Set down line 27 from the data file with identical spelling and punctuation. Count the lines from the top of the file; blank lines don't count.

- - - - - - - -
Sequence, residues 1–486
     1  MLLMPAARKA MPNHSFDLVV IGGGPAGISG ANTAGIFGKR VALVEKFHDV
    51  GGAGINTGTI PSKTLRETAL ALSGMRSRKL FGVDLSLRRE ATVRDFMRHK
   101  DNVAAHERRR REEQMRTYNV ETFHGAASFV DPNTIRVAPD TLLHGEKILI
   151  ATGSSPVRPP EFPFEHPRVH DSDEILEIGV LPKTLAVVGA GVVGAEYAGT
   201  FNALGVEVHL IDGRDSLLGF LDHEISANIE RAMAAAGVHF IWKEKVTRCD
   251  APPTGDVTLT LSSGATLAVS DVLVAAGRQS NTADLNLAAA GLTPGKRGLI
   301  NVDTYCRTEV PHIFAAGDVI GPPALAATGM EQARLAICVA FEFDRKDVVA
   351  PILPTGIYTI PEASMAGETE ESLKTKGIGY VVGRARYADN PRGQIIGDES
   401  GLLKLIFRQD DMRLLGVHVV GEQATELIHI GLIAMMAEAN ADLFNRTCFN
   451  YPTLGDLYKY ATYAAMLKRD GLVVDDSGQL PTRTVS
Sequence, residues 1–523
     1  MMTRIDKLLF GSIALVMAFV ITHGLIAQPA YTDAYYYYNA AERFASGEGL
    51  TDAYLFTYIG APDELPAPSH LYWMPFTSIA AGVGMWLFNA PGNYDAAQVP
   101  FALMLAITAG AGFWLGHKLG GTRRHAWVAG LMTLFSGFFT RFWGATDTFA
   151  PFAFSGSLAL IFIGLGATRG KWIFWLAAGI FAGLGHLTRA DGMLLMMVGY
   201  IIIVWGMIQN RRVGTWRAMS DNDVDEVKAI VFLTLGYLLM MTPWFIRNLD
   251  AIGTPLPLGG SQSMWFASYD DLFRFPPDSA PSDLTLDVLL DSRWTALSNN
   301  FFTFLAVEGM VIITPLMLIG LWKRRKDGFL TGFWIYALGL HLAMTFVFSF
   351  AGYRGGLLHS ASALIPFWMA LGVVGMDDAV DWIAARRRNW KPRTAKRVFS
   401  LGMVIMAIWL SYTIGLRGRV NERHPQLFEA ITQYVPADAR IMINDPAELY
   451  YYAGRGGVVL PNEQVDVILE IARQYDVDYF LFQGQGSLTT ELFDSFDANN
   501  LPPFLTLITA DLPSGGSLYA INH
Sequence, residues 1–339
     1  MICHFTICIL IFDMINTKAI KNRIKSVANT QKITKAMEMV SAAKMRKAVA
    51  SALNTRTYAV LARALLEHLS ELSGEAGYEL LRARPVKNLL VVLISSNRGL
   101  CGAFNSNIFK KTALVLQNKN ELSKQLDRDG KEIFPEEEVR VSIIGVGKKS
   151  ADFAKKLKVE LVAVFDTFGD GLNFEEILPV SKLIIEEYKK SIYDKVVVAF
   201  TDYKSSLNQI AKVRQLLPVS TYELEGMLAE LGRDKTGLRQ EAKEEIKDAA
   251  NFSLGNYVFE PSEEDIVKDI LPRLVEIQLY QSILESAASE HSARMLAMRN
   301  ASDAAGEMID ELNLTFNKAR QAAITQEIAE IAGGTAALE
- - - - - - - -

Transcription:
   101  CGAFNSNIFK KTALVLQNKN ELSKQLDRDG KEIFPEEEVR VSIIGVGKKS